What’s the standard line on President Donald Trump these days? That he’s an erratic creature of no fixed commitments and no stable policy objectives? Not so fast. In fact, Trump’s entire administration can be understood through the lens of his weird, consistent, unwavering adherence to a 1980s concept of the War on Drugs.
This adherence unifies his policy actions: not only the appointment of drug-war hard-liner Jeff Sessions as attorney general but also his approach to immigration and “the wall,” his calls for a revival of “stop and frisk” and “law and order” policies, key features of the Republican House health-care bill, the bromances with Rodrigo Duterte and Vladimir Putin, and even the initial proposal to defund the White House Office of National Drug Control Policy.
After descending that Trump Tower escalator in July 2015, Trump made headlines when he kicked off his campaign by proclaiming that Mexico was sending us “rapists.” Less noted has been that he began his list of woes coming from the South by castigating Mexican immigrants for “bringing drugs.” Already in that speech the solution he offered to this caricatured problem was “the wall.” Almost two years later, the wall is still meant to solve the problem of drugs, as in this tweet from April: “If the wall is not built, which it will be, the drug situation will NEVER be fixed the way it should be!”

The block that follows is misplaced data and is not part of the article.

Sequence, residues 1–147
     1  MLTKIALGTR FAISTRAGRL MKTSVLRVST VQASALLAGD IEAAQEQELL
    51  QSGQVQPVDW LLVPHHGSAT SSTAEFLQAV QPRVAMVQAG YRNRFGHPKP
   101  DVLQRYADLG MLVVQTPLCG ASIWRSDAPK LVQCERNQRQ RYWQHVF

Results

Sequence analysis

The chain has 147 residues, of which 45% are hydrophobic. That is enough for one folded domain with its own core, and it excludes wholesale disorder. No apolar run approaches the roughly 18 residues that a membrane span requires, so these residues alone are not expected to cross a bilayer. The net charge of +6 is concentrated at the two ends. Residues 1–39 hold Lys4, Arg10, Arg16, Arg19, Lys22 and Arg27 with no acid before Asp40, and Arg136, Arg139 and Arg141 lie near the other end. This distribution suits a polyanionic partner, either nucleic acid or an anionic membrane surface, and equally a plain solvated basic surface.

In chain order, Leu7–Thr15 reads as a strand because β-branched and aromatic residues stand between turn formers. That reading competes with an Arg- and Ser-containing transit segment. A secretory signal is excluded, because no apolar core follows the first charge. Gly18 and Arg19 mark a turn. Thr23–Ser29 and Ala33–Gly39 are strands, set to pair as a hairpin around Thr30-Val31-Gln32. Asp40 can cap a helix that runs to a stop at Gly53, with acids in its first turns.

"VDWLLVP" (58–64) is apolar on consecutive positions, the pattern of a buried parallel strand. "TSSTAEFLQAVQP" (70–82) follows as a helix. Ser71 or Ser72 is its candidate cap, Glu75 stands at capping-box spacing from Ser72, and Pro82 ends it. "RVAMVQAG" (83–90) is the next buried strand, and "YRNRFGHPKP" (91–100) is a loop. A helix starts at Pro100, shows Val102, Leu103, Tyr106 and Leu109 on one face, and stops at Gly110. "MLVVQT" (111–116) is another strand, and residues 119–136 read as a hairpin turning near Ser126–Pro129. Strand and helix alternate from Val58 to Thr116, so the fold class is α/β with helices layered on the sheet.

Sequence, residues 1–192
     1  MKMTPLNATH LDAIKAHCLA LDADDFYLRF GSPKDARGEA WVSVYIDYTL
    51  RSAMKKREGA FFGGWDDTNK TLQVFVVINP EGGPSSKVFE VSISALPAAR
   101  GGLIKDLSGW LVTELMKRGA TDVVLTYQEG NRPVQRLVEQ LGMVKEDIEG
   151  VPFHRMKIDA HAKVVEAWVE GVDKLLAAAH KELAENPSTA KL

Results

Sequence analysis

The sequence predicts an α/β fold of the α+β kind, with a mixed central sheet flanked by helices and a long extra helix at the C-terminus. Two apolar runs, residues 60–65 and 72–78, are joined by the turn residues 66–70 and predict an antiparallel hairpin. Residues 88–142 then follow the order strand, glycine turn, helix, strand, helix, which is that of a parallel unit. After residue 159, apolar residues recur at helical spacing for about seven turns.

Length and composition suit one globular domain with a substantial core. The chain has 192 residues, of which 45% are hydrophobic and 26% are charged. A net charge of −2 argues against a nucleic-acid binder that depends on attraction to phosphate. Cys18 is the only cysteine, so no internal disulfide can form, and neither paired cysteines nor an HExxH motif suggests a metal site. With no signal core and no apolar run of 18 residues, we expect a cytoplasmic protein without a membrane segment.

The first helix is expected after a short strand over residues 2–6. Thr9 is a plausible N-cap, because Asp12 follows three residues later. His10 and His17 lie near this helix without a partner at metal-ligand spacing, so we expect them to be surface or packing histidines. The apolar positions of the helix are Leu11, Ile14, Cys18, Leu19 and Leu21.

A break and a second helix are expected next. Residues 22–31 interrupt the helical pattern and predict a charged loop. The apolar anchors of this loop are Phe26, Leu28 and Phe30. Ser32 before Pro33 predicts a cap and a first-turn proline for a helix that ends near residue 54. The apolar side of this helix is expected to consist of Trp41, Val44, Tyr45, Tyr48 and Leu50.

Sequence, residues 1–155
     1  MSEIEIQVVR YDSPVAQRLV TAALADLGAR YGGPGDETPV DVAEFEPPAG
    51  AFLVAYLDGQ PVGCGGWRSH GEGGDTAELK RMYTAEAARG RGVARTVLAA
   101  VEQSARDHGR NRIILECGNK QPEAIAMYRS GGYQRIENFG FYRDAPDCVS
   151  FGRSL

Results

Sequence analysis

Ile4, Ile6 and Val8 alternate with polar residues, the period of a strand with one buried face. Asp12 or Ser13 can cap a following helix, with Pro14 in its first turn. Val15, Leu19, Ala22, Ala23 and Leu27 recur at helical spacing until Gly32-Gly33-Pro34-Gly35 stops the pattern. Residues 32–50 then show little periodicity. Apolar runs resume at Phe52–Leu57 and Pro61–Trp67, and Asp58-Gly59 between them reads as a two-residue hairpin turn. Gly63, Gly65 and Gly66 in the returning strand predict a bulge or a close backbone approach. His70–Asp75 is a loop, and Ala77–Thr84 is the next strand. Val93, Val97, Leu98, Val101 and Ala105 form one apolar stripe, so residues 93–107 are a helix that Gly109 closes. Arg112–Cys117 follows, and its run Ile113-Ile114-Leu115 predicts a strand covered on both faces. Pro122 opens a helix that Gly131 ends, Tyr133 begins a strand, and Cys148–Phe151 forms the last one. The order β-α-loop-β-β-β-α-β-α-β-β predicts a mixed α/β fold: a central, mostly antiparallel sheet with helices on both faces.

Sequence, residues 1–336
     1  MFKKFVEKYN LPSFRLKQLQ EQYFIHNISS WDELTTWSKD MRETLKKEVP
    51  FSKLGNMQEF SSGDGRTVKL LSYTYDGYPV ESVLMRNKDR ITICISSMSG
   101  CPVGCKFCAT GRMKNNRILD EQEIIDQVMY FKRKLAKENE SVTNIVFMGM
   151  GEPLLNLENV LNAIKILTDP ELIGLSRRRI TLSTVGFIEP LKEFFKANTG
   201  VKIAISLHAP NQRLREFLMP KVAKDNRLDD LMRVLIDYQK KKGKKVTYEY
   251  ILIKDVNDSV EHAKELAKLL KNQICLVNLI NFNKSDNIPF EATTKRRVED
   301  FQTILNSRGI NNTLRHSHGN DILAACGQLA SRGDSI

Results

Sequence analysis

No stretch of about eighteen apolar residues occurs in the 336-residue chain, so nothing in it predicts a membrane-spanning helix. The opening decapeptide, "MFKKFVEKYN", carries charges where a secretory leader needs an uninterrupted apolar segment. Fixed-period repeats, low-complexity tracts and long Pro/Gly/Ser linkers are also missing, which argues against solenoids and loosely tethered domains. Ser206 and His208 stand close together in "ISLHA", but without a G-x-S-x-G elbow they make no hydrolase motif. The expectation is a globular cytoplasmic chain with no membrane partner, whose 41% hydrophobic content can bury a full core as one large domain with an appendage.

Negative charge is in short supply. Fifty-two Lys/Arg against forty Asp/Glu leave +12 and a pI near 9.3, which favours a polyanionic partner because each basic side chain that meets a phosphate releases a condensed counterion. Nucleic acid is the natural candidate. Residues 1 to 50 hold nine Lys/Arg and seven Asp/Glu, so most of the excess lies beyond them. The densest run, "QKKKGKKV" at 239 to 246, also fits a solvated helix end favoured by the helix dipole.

Trump’s well-received joint address to Congress in February also explained his desire to limit immigration by focusing on drugs: “We’ve defended the borders of other nations while leaving our own borders wide open for anyone to cross and for drugs to pour in at a now unprecedented rate.”
No surprise, then, that Sessions has been working steadily, since his confirmation, to restore the building blocks of the War on Drugs that political leaders from both parties have been quietly removing for the past five years. He has ordered a review of federal policies on state legalization of marijuana and appears to be seeking an end to the policy of federal non-interference with the cascade of legalization efforts. He has ordered a review of consent decrees, whose purpose is to spur police reform, and sought to delay the implementation of Baltimore’s. He has recently handed down guidance requiring federal prosecutors to seek the stiffest possible sentences available for drug offenses.